How David Bowie's Young Americans album was influenced by Luther Vandross

7 March 2024, 16:50

David Bowie in 1975 and Luther Vandross in 1987
David Bowie and Luther Vandross, who worked on his Young Americans album. Picture: Ellen Graham/Getty Images, David Corio/Redferns/Getty

By Jenny Mensah

David Bowie's Young Americans turns 49 this year, but did you know it featured another music legend?

David Bowie's Young Americans album is 49 years old.

The record - which was released on 7th March 1975 through RCA and included the hit of the same name - witnessed the rock star usher in a new era as he took on blue-eyed soul.

He didn't do it alone, however, and alongside producer Toni Visconti, the album featured host of musicians and backing singers who helped give the record an authentic soulful sound.

Once such contributor was a then-unknown singer Luther Vandross, who lent his velvety vocals to the studio effort.

Find out how the two legends came to meet and the part Luther Vandross played in Bowie's blue-eyed soul era below.

READ MORE: What did David Bowie play at his last gig?

Luther Vandross in 1980
Luther Vandross in 1980. Picture: David Corio/Michael Ochs Archives/Getty Images

How did David Bowie help Luther Vandross get one of his first breaks?

In the 70s, Luther Vandross sung backing vocals for the likes of Roberta Flack & Donny Hathaway in 1972 and also worked on Delores Hall's Hall-Mark album in 1973, but most notably he worked on David Bowie's Young Americans album.

Bowie, who had previously released Diamond Dogs in 1974, was the master of changing his iconic style and sound, but it was important for the Thin White Duke to surround himself with genuine R&B and soul musicians who he got so much inspiration from.

As detailed on, Vandross was invited by an old school friend and workshop colleague, Carlos Alomar, to join him in the studio for the recording of Young Americans. While recording the album at Sigma Studios in Philadelphia, Bowie overheard Vandross singing and invited him to join the backing vocalists on the album.

It wasn't just his voice that's on the record, however, as Vandross shares a songwriting credit on the album after Bowie partly re-wrote Vandross' track Funky Music (Is A Part Of Me) as Fascination.

David Bowie - Fascination [HQ]

That wasn't where the story ended, though. Vandross also toured with Bowie on the latter part of his The Year Of The Diamond Dogs Tour, which became known as the Philly Dogs/Soul Tour, staying on until the end on 1st December 1974.

If that wasn't enough exposure for a young Vandross, he also joined the icon in promoting and performing the Young Americans album and performing its title track on stage as well as television.

In fact, you can see Vandross performing it below with Bowie and his band on The Dick Cavett Show.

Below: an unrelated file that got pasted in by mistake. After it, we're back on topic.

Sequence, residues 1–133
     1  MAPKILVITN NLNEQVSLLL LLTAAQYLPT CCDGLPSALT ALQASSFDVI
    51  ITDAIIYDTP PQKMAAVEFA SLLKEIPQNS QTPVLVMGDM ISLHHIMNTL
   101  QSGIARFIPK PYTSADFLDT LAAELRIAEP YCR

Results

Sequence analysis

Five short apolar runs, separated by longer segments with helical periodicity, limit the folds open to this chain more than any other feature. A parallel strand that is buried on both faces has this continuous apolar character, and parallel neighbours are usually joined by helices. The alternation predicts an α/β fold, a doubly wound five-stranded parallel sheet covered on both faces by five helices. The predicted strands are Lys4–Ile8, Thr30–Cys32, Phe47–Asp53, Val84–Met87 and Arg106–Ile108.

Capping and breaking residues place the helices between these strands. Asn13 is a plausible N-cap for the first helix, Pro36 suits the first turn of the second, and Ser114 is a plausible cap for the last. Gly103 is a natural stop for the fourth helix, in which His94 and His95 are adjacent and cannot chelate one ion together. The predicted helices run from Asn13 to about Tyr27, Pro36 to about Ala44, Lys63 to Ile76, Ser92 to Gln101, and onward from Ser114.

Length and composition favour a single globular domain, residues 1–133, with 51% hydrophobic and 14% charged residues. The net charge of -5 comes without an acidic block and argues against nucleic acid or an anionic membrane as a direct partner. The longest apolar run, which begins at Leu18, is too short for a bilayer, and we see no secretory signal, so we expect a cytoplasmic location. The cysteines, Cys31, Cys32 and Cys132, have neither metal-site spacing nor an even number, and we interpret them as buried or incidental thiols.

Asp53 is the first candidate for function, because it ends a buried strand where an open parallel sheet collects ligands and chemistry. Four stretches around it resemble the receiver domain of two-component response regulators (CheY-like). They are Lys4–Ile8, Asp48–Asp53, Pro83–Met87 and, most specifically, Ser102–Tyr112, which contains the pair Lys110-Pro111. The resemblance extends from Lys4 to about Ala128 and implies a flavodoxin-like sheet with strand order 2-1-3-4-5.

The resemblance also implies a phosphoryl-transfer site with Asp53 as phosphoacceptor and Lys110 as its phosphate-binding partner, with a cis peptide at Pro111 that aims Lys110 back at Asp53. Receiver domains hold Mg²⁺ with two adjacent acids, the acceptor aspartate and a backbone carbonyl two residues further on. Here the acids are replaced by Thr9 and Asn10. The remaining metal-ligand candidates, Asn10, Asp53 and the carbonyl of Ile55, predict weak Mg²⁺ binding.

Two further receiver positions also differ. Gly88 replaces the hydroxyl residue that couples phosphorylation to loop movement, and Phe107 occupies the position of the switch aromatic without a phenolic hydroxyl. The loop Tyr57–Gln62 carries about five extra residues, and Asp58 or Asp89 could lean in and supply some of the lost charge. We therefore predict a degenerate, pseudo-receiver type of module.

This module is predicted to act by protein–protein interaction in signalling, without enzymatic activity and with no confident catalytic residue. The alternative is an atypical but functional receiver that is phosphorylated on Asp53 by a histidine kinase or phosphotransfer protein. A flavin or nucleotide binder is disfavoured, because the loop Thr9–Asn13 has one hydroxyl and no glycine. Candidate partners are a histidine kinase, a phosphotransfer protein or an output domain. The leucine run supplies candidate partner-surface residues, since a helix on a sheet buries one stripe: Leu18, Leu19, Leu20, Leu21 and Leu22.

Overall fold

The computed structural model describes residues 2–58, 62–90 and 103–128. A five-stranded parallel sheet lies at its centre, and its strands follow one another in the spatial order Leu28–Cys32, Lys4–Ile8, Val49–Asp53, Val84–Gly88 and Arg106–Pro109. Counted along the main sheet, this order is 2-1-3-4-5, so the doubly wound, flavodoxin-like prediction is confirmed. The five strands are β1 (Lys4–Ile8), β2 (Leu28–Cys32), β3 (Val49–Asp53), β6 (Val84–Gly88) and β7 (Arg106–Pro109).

David Bowie - Young Americans (Live Dick Cavett Show 1974)

Despite releasing his debut album, Luther, in 1976 - where you can hear his Funky Music (Is A Part Of Me) track - the icon came back to sing backing vocals one more time with Bowie on the Labyrinth soundtrack for the song Underground. Amazingly, Chaka Khan was also on the record.


Though it was clear Vandross had a huge talent, he never forgot how Bowie helped him give his career the kick start it needed.

Speaking in an interview Vandross was asked if Bowie helped him in the beginning. He replied: "No, David Bowie started [my career]. Flat out. Absolutely.

"I had never been out of New York city before Bowie took me on the road with him. I was still living with my mother before Bowie took me out on the road with him."

But Bowie can't get all the credit. The Endless Love singer also credited Roberta Flack for enabling him to think he could even have a solo career in the first place after she overhead him singing solo rather than backing her up.

He recalled: "She said, 'you're getting too comfortable singing ooh and aah on a stage. I want you to get your own career'. and she introduced me to people".

Watch the throwback clip here.

There's no doubt that working with Vandross and other R&B artists continued to influence not only Bowie's music, but his values.

The now iconic clip of Bowie being interviewed by MTV in 1983 sees him advocate for black artists and grill the interviewer on why black musicians' videos weren't getting shown on the new music channel.

Remind yourself of the clip below:

David Bowie Criticizes MTV for Not Playing Videos by Black Artists | MTV News

Luther Vandross and both David Bowie may have left us too soon, passing away in 2005 and 2016 respectively, but their indelible impact on music can never be understated, which makes their historical connection all the more pleasing.